Why the Winners in Business Are Taking the Time to Build a Positive & Kind Social Culture

We have an employee engagement crisis in our work places today and it is global. Most people come home from work each day without experiencing what it is to find meaning in their work. These people are not engaged. According to Gallup’s 2013 world-wide survey of employee engagement; 87% of the workforce is not engaged with their jobs.

On the other hand, Engaged workers are in love with their jobs; they come knowing that they have made a meaningful contribution at work, a contribution which is making a real difference to a customer, a client, their colleagues, their manager and the business, organisation, community or ecosystem they care so passionately about. Only 13% of the workforce is engaged globally. We call these engaged people The Contributors.  http://www.gallup.com/poll/165269/worldwide-employees-engaged-work.aspx

The Contributors are passionate, committed, creative, giving to colleagues and customers, open to new ideas, collaborative, co-creative, innovative, self-managed, responsible, kind and supportive. They are highly adaptive to change and innovation; in fact they engage with it. They voluntarily give their whole being to their work and the Enterprises; all of their hands or talents, their head and their heart. Gallup’s research shows that the Contributors are worth six times more to an Enterprise than those workers who are not engaged or what we call The Compliant.


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I call the engaged people, Contributors because they voluntarily give of all of who they are to their work, their colleagues and the Enterprise and they readily engage with and build social networks and social ecosystems and collaborate for social good.

The fortunate companies who have high numbers of Contributors in their workforces are set up to take advantage of the new social business and social network technologies because the Contributors are wired for collaboration. And it is not a Generation X or Millennial characteristic; it is a question of company culture. What culture is at the heart of a business determines the degree to which the employees will engage with the full potential of social media; as social business colleague Mike Green, CEO at the Kinship Group puts so well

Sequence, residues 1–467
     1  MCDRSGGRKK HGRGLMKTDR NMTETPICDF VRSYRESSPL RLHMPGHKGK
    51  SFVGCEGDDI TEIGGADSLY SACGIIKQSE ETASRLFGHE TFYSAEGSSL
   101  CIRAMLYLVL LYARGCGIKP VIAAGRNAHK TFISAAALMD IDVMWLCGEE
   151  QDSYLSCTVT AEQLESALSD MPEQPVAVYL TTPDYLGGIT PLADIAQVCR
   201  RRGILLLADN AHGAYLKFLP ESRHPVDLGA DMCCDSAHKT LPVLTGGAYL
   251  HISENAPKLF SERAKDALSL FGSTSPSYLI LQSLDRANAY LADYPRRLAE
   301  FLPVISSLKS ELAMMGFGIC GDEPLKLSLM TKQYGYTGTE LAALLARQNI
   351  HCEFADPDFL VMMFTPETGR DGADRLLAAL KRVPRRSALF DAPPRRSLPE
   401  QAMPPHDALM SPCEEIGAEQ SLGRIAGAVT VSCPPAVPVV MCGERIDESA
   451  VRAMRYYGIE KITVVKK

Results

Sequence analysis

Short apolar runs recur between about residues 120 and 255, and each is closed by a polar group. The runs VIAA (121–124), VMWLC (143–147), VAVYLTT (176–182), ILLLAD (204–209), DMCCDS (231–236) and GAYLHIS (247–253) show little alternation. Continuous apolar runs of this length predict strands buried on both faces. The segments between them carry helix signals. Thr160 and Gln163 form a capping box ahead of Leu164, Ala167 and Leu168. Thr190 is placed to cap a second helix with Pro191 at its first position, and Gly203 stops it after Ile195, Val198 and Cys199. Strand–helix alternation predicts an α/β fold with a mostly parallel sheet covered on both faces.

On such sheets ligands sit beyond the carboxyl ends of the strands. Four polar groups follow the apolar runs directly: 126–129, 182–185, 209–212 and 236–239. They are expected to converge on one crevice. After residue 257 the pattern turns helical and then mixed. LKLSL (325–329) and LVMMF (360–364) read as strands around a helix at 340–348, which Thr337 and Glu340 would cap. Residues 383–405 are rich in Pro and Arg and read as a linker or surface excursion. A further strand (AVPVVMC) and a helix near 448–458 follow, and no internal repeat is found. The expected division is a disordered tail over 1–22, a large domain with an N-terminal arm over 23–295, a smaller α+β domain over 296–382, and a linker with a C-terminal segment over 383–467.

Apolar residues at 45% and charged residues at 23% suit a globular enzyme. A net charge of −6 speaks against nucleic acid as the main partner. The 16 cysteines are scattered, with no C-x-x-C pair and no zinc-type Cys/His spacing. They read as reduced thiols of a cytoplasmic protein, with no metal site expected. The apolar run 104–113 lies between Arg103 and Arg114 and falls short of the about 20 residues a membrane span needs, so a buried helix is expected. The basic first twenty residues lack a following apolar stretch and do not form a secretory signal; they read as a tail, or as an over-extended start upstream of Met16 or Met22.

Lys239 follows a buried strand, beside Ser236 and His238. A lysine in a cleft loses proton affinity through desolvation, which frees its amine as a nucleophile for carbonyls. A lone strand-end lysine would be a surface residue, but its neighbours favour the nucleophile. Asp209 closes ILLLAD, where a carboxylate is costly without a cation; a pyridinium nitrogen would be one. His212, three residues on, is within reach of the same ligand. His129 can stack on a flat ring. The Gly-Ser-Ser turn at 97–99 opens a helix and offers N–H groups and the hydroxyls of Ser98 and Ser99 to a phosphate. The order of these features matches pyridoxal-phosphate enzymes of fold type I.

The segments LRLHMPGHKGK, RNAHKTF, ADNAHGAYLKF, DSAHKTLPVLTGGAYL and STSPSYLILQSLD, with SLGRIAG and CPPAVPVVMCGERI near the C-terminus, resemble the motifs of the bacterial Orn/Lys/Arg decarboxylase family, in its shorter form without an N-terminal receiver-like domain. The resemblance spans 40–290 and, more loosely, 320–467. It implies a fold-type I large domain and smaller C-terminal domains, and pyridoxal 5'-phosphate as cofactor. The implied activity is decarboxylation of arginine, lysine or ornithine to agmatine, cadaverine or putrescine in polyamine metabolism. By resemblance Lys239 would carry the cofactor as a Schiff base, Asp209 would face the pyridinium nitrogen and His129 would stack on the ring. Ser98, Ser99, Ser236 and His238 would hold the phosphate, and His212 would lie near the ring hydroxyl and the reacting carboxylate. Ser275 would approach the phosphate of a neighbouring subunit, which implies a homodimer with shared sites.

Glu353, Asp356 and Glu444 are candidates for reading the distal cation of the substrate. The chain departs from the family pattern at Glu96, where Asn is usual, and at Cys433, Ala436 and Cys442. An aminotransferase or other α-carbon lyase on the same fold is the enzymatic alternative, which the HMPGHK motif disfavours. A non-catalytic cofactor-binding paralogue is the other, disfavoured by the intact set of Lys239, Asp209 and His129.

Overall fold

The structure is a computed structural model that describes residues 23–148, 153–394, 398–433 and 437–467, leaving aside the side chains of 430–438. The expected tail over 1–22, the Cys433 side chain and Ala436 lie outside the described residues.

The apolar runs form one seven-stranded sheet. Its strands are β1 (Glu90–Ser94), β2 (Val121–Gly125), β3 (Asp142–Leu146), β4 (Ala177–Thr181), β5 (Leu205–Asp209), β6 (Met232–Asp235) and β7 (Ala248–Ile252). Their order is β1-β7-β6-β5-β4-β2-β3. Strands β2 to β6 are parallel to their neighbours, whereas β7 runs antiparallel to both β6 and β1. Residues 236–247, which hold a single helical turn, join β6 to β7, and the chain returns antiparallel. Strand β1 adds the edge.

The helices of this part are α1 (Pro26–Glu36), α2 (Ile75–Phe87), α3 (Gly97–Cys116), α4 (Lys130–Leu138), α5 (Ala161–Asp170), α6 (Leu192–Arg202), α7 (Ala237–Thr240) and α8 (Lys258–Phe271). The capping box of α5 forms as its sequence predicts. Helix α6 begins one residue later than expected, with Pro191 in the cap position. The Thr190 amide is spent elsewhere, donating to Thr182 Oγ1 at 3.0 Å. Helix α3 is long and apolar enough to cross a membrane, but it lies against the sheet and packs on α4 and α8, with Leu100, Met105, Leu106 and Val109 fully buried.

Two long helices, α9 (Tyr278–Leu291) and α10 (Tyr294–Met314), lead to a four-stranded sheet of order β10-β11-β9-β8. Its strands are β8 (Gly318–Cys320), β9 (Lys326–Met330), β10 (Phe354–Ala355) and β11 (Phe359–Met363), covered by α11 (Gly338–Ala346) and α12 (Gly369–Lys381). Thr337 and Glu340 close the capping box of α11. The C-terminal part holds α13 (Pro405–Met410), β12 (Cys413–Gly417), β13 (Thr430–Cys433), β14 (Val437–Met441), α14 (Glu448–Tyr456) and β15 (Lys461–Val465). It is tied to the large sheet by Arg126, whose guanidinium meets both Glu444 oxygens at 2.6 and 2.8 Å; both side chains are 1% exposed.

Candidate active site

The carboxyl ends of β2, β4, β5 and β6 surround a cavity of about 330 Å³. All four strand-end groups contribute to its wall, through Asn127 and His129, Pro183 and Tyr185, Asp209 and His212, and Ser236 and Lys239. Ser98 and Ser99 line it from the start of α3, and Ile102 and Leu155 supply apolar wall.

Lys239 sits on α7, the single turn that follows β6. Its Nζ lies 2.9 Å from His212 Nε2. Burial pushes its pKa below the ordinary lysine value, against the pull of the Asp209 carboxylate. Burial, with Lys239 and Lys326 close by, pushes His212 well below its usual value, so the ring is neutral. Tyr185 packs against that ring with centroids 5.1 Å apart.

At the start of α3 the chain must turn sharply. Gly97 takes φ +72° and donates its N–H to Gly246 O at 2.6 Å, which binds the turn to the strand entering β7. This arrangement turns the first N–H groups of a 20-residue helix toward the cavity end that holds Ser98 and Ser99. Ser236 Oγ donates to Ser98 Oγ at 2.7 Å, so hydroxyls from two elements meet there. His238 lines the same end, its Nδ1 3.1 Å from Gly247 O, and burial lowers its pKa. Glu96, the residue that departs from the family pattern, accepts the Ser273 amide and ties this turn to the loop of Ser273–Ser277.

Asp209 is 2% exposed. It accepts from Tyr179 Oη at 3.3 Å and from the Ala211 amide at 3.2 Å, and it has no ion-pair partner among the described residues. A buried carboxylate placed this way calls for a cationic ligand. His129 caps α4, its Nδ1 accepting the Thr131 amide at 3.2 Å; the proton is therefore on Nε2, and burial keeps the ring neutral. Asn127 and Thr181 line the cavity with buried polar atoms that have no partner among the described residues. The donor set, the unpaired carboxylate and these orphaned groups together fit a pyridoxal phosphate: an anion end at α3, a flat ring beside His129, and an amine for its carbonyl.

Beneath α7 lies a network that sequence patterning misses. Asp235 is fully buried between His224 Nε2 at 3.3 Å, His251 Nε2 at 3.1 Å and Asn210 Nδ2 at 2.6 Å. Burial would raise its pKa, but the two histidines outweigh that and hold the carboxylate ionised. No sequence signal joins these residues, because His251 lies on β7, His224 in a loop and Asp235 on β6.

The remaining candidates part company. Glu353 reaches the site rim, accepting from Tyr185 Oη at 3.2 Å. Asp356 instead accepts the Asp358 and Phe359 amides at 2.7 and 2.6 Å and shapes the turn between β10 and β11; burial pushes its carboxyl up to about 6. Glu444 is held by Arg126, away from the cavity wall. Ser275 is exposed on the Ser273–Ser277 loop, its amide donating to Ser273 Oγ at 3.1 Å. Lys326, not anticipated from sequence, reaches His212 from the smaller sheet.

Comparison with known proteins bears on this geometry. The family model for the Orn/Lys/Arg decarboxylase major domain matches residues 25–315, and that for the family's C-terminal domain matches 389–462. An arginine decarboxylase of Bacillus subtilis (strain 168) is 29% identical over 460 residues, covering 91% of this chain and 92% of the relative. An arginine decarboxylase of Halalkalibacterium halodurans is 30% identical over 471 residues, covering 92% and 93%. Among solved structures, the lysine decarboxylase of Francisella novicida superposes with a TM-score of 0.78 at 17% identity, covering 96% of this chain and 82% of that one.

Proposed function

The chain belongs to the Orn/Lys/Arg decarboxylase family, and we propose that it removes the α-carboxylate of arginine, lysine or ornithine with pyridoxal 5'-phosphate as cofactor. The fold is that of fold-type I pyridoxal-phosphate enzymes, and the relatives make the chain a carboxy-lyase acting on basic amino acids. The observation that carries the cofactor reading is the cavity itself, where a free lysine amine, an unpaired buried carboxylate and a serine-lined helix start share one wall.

The winning organisations in a hyper-connected world will be those that create many opportunities for their workforce to interact with “the outside world’ at scale (meaning frequently, meaningfully, and in ways that are recognised and (positively) rewarded.

Before the company brand was everything. Today, the individuals working in the company are the authentic face of the brand, not the reverse. Employee’s brands and their company’s brands are inextricably linked.

Successful leaders of the future know that when employees understand and apply their individual brands to the company mission they create differentiating value in the marketplace, build their constituent’s trust, impact the bottom line and win the game.



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What Mike is saying here is that successful social businesses will take the time to build an engaging culture which nurtures the majority of its people to Contribute. Gallup’s research shows that the Contributors are staff members who work in a culture which

  • Looks for and extends individual and group strengths,
  • Elevates and extends what is working well, not fixing problems,
  • Elevates and rewards virtuous or kind behaviours
  • Builds authentic, trusting relationships
  • Practices macro-leadership which involves engaging everyone to co-create meaningful futures as an living eco-system
  • Builds governance around the balance between the needs of the individual and the group.


For 300 years, the first generation of industrial, hierarchical management has focused on building and maintaining Cultures of Compliance and even Subversion.

An example; Compliance focuses on avoiding bullying by building elaborate rules, firewalls, installing security software and reporting into a business’s negative use of social-media. More time is spent by managers in preventing or mitigating bad than extending good. But in a Contribution Culture –  what we might call a Positive Social Business Culture – managers spend more time with their people looking for what is good e.g. when are we experiencing the best of contribution, meaning, collaboration, openness, sharing and kindness at work and how can we extend this to become the way we do things around here to become our social business culture?

Yes, of course attention is paid to governance but it about putting in the safety nets to support what is good, not stop good by shutting down openness and access to social media or authenticity to prevent bad. Leaders who build a Contributing workforce know that the opposite of non-compliance is not compliance but self-management.

For 300 years, managers have got away with running a compliance culture and getting by. But getting by isn’t going to cut it in the new social business game which is global, connected, collaborative, sharing, positive, kind and collaborating. And that is why we focus at the Emotional Economy at Work with our partners at Kinship and Abunderati on helping our clients and to build and sustain their own unique, Positive Social Business Culture as an essential element of doing future business in a networked world.